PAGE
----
Rafi Zack, Co-Founder and CEO of EchoCare Technologies says, “We are very excited to have teamed up with Lifeview, not only are they a leading provider of aged care but they have an appetite for innovation and improving the lives of those entrusted into their care”. 

“With Lifeview’s aged care expertise we not only get a great partner and distributor in the Australasian region but we also get real life data and analytics as we continue to refine, enhance and grow the capabilities of the device”, Zack added.

Following successful implementation in aged care, the ECHO device will also be available for purchase or rental by older Australian’s and New Zealanders living at home (can be financed through a home care package) or in retirement living.  The device also has transferable applications in hospitals and prisons, where 24-hour monitoring is vital.

In addition to Lifeview, EchoCare Technologies also has strategic collaborations with key companies SMK Corporation (Japan), Incubit Technologies Venture (Israel), Centrica Innovation (UK) and Tigbur Group (Israel), as it rolls out the ECHO device globally.

EchoCare will have a virtual stand at LASA’s National Congress, starting Monday 12 October, where attendees can find out more about the product, as well as register an expression of interest in trialling the device.


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Key benefits of the ECHO system in the aged care setting:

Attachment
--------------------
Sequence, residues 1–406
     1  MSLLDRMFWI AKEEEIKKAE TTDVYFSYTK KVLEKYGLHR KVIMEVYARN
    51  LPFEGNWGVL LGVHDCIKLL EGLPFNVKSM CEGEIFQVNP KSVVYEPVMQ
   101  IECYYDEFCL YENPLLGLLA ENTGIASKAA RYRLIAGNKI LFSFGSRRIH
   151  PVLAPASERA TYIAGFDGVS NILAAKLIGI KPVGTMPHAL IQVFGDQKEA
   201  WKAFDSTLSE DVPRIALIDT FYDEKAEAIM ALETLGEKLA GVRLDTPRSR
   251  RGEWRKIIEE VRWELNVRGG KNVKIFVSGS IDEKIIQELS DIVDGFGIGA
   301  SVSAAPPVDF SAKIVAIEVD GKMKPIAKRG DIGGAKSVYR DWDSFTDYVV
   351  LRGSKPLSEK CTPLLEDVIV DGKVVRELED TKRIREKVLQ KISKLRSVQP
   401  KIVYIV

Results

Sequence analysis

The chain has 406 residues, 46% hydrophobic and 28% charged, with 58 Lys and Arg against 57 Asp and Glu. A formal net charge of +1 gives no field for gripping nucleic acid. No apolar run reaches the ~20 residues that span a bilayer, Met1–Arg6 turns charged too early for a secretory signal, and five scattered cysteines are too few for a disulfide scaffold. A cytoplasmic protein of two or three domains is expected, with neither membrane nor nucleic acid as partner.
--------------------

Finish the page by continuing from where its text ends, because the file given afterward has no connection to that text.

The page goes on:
• Falls are notified immediately to a carer/nurse via handheld device or other system at the home, no matter where in a room or bathroom the resident is – no need for sensor mats or expensive sensor flooring; residents who fall and can’t reach the call bell can be assisted immediately
  • Resident privacy and dignity are maintained as staff do not need to wake or disturb residents during the night to check on them – ECHO will advise if something changes such as breathing; residents who can ambulate to the bathroom overnight without assistance can continue to do so, ECHO knows they are okay and do not need assistance
  • If a resident has a change in habit, such as usually toilets twice overnight and this changes to say three, four or more times, ECHO picks this up, staff know to check for a UTI or other condition, picking it up early and saving the resident distress and most likely a trip to hospital
  • As staff do not need to check every resident in every room overnight their time can be reallocated to residents who are needing assistance.  Conservative calculations estimate this can save 1 FTE overnight (assumptions are based on 5 minutes of time saved on overnight checks per resident in a 120-bed home)

How does ECHO compare to other monitoring technologies?

  • Is non-wearable like a pendant or watch so can’t be removed
  • Is ceiling mounted so can’t be unplugged
  • One unit only needed for an aged care room, a unit or a house
  • Monitors up to two people within the allocated space, recognising each person after only 48-hours
  • Is not just a falls or movement sensor, it also measures breathing, gait and drowning
  • Can analyse gait patterns and alert staff on acute or slow developing changes. It may also predict some falls through this analysis